When a patient is provided the wrong medication or the wrong dosage of a properly prescribed medication it may result in significant harm and in some cases, death. Often times multiple care providers will be responsible for administering the wrong dosage of medication to a plaintiff. In such cases, New York law provides that if a defendant is less than 50% responsible for the plaintiff’s harm, the defendant is only liable for its proportionate share of the plaintiff’s non-economic damages. A New York appellate court recently analyzed the nuances of this law in a medication error malpractice case in which one of the defendants settled prior to trial. If you were harmed due to a medication error, it is critical to retain a knowledgeable Syracuse medication error malpractice attorney to assist you in pursuing damages.
Facts Regarding the Decedent’s Treatment
Reportedly, the decedent was admitted to the defendant hospital for left-sided weakness and was subsequently diagnosed with having a transient ischemic attack. At the time of her admission, the decedent was taking a cholesterol-lowering medication that potentially could cause a breakdown of muscles and kidney damage when taken in large doses. While she was in the hospital, she was prescribed four times her prior dosage of the cholesterol-lowering medication.
It is alleged that the decedent was transferred to a rehabilitation facility, where she continued to receive the increased dosage of the cholesterol-lowering medication. The decedent’s condition deteriorated, and she ultimately died of kidney failure. The plaintiff, who was the executor of the decedent’s estate, file a medical malpractice lawsuit against the hospital and the rehabilitation facility.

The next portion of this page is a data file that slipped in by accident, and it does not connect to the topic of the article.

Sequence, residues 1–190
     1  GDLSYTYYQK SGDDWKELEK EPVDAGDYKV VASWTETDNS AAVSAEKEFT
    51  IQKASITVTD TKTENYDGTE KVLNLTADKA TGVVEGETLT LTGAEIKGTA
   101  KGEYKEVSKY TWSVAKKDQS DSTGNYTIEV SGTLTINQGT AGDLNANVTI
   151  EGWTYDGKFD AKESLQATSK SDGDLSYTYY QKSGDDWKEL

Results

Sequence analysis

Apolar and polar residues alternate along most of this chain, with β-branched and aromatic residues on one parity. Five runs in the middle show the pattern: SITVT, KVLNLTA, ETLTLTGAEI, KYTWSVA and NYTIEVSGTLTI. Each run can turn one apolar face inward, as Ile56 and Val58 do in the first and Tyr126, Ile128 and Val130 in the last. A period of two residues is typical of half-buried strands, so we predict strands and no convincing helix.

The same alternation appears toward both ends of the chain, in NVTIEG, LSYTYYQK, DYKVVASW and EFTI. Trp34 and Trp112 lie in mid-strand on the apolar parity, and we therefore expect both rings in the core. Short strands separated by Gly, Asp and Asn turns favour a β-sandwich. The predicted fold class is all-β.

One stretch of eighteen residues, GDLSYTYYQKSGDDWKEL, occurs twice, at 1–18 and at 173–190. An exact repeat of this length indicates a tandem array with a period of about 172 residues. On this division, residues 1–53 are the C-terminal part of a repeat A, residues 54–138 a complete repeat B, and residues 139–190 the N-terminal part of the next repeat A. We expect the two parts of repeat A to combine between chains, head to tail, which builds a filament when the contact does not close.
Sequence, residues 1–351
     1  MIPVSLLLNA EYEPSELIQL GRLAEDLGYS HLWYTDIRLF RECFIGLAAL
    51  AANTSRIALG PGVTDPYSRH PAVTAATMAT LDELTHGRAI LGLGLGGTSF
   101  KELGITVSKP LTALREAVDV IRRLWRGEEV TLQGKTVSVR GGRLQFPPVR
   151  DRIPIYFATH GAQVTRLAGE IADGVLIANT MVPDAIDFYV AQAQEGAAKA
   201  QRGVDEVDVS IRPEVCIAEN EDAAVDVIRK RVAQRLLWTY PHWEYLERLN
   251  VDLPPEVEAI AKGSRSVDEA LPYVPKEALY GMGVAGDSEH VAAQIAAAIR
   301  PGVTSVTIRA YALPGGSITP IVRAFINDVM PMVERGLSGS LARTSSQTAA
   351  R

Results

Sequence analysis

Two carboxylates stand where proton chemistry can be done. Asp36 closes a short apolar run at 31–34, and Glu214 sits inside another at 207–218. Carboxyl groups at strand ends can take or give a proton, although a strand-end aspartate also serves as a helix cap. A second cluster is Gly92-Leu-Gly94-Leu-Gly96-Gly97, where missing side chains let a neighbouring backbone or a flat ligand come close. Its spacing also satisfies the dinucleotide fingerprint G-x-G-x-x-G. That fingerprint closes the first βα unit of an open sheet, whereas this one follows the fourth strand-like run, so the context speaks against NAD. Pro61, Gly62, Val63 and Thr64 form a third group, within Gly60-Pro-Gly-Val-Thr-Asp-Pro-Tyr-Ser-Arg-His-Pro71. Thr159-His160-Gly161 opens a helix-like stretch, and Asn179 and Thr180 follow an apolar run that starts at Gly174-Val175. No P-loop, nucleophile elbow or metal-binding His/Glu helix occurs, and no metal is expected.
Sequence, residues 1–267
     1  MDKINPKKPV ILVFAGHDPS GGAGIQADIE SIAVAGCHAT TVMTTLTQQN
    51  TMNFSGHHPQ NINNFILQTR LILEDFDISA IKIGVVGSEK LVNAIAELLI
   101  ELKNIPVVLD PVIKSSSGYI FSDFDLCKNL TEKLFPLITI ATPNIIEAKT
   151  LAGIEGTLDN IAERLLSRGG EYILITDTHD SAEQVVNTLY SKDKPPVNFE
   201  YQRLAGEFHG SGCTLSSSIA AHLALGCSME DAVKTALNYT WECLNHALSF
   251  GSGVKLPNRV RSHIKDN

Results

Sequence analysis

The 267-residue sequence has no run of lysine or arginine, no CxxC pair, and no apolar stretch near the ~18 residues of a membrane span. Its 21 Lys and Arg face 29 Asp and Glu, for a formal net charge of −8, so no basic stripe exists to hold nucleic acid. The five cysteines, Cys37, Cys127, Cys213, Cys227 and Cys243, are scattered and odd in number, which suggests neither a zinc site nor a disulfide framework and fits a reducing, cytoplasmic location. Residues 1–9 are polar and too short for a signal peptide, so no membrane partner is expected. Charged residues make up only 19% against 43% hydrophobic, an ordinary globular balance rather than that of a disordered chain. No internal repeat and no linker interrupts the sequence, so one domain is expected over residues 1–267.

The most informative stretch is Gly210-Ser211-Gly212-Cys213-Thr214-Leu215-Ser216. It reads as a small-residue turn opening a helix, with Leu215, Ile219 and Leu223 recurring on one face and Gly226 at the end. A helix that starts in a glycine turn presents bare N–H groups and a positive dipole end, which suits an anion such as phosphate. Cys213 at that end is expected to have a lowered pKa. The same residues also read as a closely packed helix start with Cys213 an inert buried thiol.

It is reported that the defendant hospital asserted that because it was less than 50% liable for the decedent’s harm it should only be held accountable for a proportionate share of the losses. The hospital also asserted a cross-claim against the rehabilitation facility. The plaintiff ultimately settled with the rehabilitation facility, and the cross-claim was converted to a third-party action and severed. The court barred the defendant hospital from introducing evidence of the rehabilitation facility’s negligence and proportionate fault at trial. The jury ultimately awarded the executor $1,000,000. The hospital filed a motion to set aside the verdict, which the court denied. The hospital subsequently appealed, arguing that the trial court
Tortfeasor’s Share in Liability
New York law CPLR Article 16 allows a tortfeasor to reduce liability in personal injury actions in certain cases. Specifically, it provides that a tortfeasor who is determined to be less than 50% at fault for causing the plaintiff’s harm can only be held liable for its proportionate share of noneconomic losses. A defendant can assert the Article 16 defense regarding a nonparty tortfeasor, as long as the plaintiff can obtain jurisdiction over that tortfeasor.
In the subject case, the court found that allowing the defendant to assert an Article 16 defense based on the decedent’s care at the rehabilitation facility after the plaintiff had already settled with the rehabilitation facility would be prejudicial to the plaintiff. The court explained that although the severance of the third-party action in and of itself did not prohibit the defendant from asserting the Article 16 defense, the defendant represented that it would not address the plaintiff’s care at the rehabilitation facility. Thus, allowing the defendant to rely on the assertion that the rehabilitation facility was negligent would be unfair.
Meet with a Seasoned Syracuse Medication Error Malpractice Attorney About Your Case
If you were injured due to a medication error, you should meet with a seasoned Syracuse medication error malpractice attorney about your case and your right to seek compensation from your negligent care provider. The trusted medication error malpractice attorneys of DeFrancisco & Falgiatano, LLP Personal Injury Lawyers will provide you with assertive and diligent representation to help you pursue the best legal outcome possible under the facts of your case. You can reach us at 833-200-2000 or through the online form to set up a conference to discuss your case.